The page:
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WJAC v. COMMONWEALTH PENNSYLVANIA (01/03/79)

decided: January 3, 1979.

WJAC, INC. AND UNITED STATES FIDELITY & GUARANTY COMPANY, INSURANCE CARRIER, PETITIONERS
v.
COMMONWEALTH OF PENNSYLVANIA, WORKMEN'S COMPENSATION APPEAL BOARD AND EDWARD & MARGARET VERPRAUSKUS, PARENTS OF JOHN, DECEASED, RESPONDENTS



Appeal from the Order of the Workmen's Compensation Appeal Board in case of John Verprauskus, Deceased; Edward and Margaret, Parents v. WJAC, Inc., No. A-73370.

COUNSEL

Raymond F. Keisling, with him Will & Keisling, for petitioners.

Patrick A. Gleason, with him Gleason, DiFrancesco, Shahade & Markovitz, for respondents.

Judges Wilkinson, Jr., Blatt and MacPhail, sitting as a panel of three. Opinion by Judge Blatt.

Author: Blatt

[ 39 Pa. Commw. Page 489]

WJAC, Inc. (employer) and its insurer, United States Fidelity & Guaranty Company, appeal to us from a decision of the Workmen's Compensation Appeal Board (Board) which affirmed a referee's award of death benefits to the surviving parents of John Verprauskus (decedent).

The Board and referee found that the decedent was killed in a job-related accident and this is not disputed in the appeal. The sole issue for our consideration is whether or not there is substantial evidence to support the finding that the decedent's parents (claimants) were partially dependent upon him for support.

At a hearing before the referee, the claimants testified that the decedent lived at home and that, although he did not pay room or board, he purchased approximately $10.00 worth of groceries every week and gave them about $20.00 per month for general expenses. He had also purchased some building materials for their home and contributed $100.00 towards the down payment for siding for the family house. In addition, he had worked around the house making various improvements and repairs to the house, and maintaining the family automobile. The claimants testified

[ 39 Pa. Commw. Page 490]

    that, for the 12-month period prior to the decedent's death, their expenses had amounted to $14,064.00 while their combined income amounted to only $12,501.99, thus arguing that they needed the decedent's contributions. The employer contends, however, that the decedent's contributions amounted only to room and board, with him receiving more benefit from the arrangement than the claimants, and that the Board improperly considered certain expenditures as part of the expenses of the parents during the 12-month period prior to the accident.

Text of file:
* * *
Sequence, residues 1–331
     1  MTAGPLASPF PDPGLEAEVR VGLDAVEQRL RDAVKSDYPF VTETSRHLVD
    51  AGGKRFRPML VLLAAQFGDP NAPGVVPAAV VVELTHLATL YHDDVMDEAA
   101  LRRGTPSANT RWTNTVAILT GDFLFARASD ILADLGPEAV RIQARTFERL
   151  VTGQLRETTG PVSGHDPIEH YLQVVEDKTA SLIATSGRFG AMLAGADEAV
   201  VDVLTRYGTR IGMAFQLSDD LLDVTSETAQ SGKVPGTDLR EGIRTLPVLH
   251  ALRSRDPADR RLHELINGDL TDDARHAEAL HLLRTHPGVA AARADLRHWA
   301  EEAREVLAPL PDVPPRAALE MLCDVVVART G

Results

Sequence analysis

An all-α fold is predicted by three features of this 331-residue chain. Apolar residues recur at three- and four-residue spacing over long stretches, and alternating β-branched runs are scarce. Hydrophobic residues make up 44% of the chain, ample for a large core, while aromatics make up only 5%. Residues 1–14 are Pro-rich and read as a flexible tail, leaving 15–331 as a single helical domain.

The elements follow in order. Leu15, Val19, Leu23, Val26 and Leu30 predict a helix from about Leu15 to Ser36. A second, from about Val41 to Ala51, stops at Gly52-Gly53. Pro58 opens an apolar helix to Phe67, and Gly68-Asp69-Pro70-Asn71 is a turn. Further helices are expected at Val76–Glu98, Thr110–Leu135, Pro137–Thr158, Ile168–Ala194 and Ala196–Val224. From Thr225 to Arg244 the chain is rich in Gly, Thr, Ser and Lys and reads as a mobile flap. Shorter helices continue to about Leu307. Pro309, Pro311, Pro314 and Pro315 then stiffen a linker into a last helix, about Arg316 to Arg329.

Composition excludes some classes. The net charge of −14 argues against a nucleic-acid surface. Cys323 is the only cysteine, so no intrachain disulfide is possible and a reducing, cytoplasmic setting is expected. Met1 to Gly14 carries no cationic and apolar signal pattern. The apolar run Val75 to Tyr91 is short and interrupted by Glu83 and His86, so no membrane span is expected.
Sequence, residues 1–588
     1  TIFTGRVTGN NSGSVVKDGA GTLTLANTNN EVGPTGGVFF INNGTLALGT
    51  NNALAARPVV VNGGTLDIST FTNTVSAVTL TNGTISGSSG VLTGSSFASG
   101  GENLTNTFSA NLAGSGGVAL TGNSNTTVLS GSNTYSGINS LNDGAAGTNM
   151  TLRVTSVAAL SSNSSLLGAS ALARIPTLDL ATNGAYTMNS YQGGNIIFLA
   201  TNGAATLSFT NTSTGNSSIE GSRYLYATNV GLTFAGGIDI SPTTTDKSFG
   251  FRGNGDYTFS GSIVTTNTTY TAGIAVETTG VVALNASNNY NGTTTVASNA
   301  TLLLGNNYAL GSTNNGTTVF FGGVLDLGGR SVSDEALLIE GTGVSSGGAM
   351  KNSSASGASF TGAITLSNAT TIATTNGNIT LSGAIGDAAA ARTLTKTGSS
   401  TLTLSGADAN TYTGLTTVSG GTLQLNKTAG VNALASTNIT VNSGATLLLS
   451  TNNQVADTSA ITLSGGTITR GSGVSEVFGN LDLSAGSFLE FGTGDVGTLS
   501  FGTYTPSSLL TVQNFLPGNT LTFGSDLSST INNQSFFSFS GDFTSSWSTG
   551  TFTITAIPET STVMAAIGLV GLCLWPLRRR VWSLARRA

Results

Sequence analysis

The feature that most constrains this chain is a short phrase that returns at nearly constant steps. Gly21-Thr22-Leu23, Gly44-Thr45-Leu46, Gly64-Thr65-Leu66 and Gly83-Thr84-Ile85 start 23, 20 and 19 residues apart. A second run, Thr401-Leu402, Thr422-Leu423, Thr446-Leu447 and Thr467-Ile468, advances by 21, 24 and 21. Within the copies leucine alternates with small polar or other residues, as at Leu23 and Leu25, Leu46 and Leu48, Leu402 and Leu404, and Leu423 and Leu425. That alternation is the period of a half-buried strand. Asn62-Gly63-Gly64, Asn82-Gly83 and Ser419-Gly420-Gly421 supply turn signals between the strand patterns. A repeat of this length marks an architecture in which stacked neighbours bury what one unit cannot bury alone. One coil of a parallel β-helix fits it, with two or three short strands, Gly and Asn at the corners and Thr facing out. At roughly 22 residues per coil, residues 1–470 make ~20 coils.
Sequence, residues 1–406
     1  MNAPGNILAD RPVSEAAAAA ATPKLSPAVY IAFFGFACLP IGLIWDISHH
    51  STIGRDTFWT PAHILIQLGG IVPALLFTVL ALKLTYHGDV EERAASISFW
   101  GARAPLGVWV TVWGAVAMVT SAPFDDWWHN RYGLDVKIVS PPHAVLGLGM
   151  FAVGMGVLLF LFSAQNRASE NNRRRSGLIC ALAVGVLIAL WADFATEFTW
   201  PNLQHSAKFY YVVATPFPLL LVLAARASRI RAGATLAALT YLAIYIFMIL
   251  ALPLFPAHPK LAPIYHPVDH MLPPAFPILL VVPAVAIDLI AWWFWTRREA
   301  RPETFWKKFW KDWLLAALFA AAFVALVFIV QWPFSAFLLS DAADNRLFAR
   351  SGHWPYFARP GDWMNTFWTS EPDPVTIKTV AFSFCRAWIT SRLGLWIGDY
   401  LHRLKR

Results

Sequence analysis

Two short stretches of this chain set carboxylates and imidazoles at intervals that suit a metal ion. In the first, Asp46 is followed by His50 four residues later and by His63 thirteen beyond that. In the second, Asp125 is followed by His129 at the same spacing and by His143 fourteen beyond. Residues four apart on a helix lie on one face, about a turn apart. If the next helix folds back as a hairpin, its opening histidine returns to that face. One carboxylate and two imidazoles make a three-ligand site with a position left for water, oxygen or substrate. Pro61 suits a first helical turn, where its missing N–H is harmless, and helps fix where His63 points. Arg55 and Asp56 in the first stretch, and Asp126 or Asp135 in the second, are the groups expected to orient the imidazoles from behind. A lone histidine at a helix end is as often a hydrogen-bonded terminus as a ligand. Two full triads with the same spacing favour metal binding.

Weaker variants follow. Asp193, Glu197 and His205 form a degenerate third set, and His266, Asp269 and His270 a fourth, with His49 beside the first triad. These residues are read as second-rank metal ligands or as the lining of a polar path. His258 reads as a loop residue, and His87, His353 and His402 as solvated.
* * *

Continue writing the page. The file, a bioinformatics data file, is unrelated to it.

The relevant test of dependency was stated by this Court in Leipziger v. Workmen's Compensation Appeal Board, 12 Pa. Commonwealth Ct. 417, 420, 315 A.2d 883, 885 (1974):

The test of dependency is whether or not the child's earnings were needed to provide the parents with some of the ordinary necessities of life suitable for persons in their class and position, and that the parents were, consequently, dependent to some extent upon the child at the time of the accident causing his death. If the contribution of the deceased child were necessary to maintain the parents in an established, reasonable standard of living, this existing standard must be considered in determining the necessity for such contribution from the child. (Citations omitted.)

Applying the above test here, we believe that the evidence is insufficient to support a finding of partial dependency, the facts of this case being well within our previously decided cases in which we held that the evidence did not support such a finding. For example, in Bill Mattern Paving v. Workmen's Compensation Appeal Board, 32 Pa. Commonwealth Ct. 520, 379 A.2d ...


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